People aren’t dying in Turkey over a redevelopment plan. They are dying to try to stave off Turkey’s Islamization, and the complete demise of Kemalist secularism. “Turkey police resort to violent means to end Istanbul protest,” from Middle East Online, July 8 (thanks to Twostellas):
ISTANBUL – Turkish riot police on Monday fired rubber bullets, tear gas and water cannon to block demonstrators from entering a small Istanbul park, the birthplace of deadly unrest that engulfed the country last month.
Police moved after Turkish authorities reopened Gezi Park to public use earlier in the day.
“Four people died for this park. This park will reopen!” a young demonstrator shouted, while others were trying to convince the police that their action was unfair and they should stop emptying the park.
But later in the day after police sealed off access to the central Taksim square and the adjacent park, the cat-and-mouse game with protesters ensued in the nearby thoroughfares.
At least one demonstrator was seriously wounded, with his left eye abundantly bleeding, a journalist reported.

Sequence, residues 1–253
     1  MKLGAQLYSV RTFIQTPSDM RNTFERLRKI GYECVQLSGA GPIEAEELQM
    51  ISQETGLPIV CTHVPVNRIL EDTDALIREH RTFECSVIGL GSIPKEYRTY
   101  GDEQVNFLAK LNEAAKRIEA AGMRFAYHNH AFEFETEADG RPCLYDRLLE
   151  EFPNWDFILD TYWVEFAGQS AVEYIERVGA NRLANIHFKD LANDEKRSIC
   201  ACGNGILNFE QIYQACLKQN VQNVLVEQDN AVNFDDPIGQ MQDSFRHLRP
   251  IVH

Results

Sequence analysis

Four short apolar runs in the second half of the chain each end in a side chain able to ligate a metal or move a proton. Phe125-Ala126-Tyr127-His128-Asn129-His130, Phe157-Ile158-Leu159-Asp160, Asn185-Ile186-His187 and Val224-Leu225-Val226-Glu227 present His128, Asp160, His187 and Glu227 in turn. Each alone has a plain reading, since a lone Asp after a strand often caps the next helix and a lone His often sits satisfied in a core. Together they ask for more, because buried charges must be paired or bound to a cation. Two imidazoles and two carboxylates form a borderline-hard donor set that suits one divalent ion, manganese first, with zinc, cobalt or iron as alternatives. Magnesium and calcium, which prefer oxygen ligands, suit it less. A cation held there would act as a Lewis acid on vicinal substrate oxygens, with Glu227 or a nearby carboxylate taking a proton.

“You should be ashamed of yourself. Go on, shoot me too!” one of the protesters yelled at a police officer on top of an armoured vehicle.
Some angry shopkeepers at a fish market close to Taksim square lashed out at police and anti-government demonstrators, accusing them of ruining their business.
Earlier Monday when Turkish authorities reopened the park they warned that no further protests would be tolerated.
“Gezi Park has been reopened to public but there are many calls for unauthorised protests aimed at turning the park into an occupation zone,” Istanbul governor Huseyin Avni Mutlu wrote on Twitter.
A brutal police crackdown on May 31 against a peaceful sit-in to prevent 600 trees from being cut down in a park redevelopment scheme sparked June’s nationwide protests against Turkish Prime Minister Recep Tayyip Erdogan and his Islamic-rooted government.
Protesters occupied the small park and put up tents to remain around the clock before being evicted by police on June 15.
Since then, the park has been closed. But in the face of public anger, authorities planted additional trees and a Turkish court annulled a government decision to redevelop the park, saying locals had not been sufficiently consulted about the project.
Residents feared the redevelopment plan would turn the area into a shopping district, while urban planners and ecologists said the proposals did not respect the environment.
Nearly three weeks of protests in Turkey have left four people dead and some 8,000 injured.